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As with the visual novel aspects, the layout consists of an overhead on the upper side of the screen depicting how Red is feeling in terms of her energy and her activities, the month and date and two bars indicating her reputation and how suspicious others are becoming of her. Redʼs energy levels are color coated to indicate how invigorated she is feeling along with a silhouetted animation of her as Honey in the circle. For example, when the energy is in teal, it represents when Honey is at her most refreshed. The animation displays an image of here with a book in one hand and a barbel in the other. The lowest is in red where Honey is shown hyperventilating and slouched over. In the center of the overhead, there are the indicators with Honeyʼs face depicting how she is doing in her training (left) and her classes (right). For her training, ʻStrengthʼ, ʻDefenseʼ and ʻAgilityʼ are the areas she has to work on and for her classes, ʻBiologyʼ, ʻLinguisticsʼ and ʻMathematicsʼ are her priorities. Depending on how well or rather how much time Red has devoted to that aspect, the player will see that reflected in her facial expression, also color coded. For example, if she hasnʼt put much time and effort into her studies in math, or improving her agility, players will see a concerned-filled look on her face where she is nervously looking to the side and the circle is marked in red. If she’s spent some time working to improve those areas, sheʼll have a calmer expression, where she is at ease and the circle will be a golden yellow. When she has dedicated enough her time to her area of study and/or her fighting techniques, Honey will be seen gleefully shifting her head from left to right in excitement and the circle will be in blue.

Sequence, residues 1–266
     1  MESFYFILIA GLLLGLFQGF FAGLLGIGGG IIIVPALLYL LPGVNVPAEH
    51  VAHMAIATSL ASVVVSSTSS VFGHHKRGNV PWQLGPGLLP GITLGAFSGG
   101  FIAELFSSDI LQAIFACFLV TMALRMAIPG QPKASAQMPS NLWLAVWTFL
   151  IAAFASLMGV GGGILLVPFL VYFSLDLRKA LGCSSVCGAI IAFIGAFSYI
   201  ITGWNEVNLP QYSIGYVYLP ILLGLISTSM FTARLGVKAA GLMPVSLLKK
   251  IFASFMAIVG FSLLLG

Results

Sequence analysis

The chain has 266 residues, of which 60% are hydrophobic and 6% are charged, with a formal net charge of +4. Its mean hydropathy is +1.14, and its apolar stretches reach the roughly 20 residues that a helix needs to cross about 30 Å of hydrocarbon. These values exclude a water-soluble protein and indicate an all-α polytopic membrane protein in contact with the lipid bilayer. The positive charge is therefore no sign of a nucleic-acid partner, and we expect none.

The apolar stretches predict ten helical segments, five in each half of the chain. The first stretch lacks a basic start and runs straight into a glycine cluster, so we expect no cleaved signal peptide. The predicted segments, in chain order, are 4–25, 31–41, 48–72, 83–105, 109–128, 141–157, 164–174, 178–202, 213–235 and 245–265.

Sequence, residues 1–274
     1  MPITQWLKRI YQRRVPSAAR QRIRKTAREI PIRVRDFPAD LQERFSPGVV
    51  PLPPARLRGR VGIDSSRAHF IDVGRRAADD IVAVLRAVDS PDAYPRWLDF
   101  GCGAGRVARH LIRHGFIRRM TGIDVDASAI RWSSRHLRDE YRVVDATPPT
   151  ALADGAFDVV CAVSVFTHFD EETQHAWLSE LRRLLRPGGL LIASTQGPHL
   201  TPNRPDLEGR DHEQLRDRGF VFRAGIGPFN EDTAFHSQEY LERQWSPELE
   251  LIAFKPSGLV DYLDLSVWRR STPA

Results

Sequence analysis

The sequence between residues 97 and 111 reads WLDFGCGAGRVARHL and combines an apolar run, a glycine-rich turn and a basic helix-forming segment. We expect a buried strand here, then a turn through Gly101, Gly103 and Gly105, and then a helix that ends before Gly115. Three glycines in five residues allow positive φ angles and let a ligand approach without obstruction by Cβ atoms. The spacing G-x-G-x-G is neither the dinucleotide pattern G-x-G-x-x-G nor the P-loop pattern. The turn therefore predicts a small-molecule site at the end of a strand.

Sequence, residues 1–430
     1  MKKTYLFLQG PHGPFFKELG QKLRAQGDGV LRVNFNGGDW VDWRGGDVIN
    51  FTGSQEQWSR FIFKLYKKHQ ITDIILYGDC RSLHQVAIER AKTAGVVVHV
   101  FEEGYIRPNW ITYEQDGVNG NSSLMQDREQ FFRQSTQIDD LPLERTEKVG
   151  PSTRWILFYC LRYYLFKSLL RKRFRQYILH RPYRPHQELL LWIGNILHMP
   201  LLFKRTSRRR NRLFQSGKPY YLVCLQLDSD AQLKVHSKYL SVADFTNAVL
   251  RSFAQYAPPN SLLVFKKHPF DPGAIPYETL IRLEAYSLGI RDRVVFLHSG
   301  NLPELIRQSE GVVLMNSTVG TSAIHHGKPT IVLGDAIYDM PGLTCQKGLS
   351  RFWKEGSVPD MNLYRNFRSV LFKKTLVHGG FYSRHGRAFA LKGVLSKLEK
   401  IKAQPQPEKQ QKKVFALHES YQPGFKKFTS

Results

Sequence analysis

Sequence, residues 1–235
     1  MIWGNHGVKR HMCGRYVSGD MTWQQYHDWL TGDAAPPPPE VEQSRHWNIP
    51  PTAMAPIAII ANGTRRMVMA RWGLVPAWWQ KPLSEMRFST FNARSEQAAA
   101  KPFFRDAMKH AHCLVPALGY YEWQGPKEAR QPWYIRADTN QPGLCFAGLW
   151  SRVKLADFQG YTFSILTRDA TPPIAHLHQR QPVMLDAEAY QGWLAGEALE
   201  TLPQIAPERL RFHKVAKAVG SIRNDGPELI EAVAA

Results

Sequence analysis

The reason color coding and animation succeeds in Honey Rose: Underdog Fighter Extraordinaire over stats or numbers is because when we evaluate our situation and the things we hope to carry out, numbers arenʼt exactly the first thing that come to mind. Color tends to convey more emotion, whereas numbers are too technical and create a more robotic feeling than the use of color and character expression. Because of its subjective nature, color blends best with the type of mood a character is in, what they are feeling and what troubles them. In his 2011 book, The Art of Pixar: The Complete Color Scripts and Select Art from 25 Years of Animation, animation historian and editor and publisher of Cartoon Brew, Amid Amidi starts off his introduction with what painter and teacher Josef Ablers would say regarding the color red. “[I]f you asked a group of people to imagine the color red, every person in that group would have a different hue of red in mind” (Amidi p. 10). One simple color is subjective to the minds of different beholders as he continues:

“Color is elusive. Take that same color, red. A heart is red, but so is a stop sign. It is a color equally capable of arousing pleasure as it is of warning of danger ahead. Across different cultures and religions, red symbolizes feelings and concepts as varied as happiness, bravery, luck, sin, and mourning. There are also psychological effects─seeing red can alternately make us irritable and elicit happiness─and physiological effects─studies have shown that the color red simulates brain-wave activity, increases heart rate, and causes blood pressure to rise.”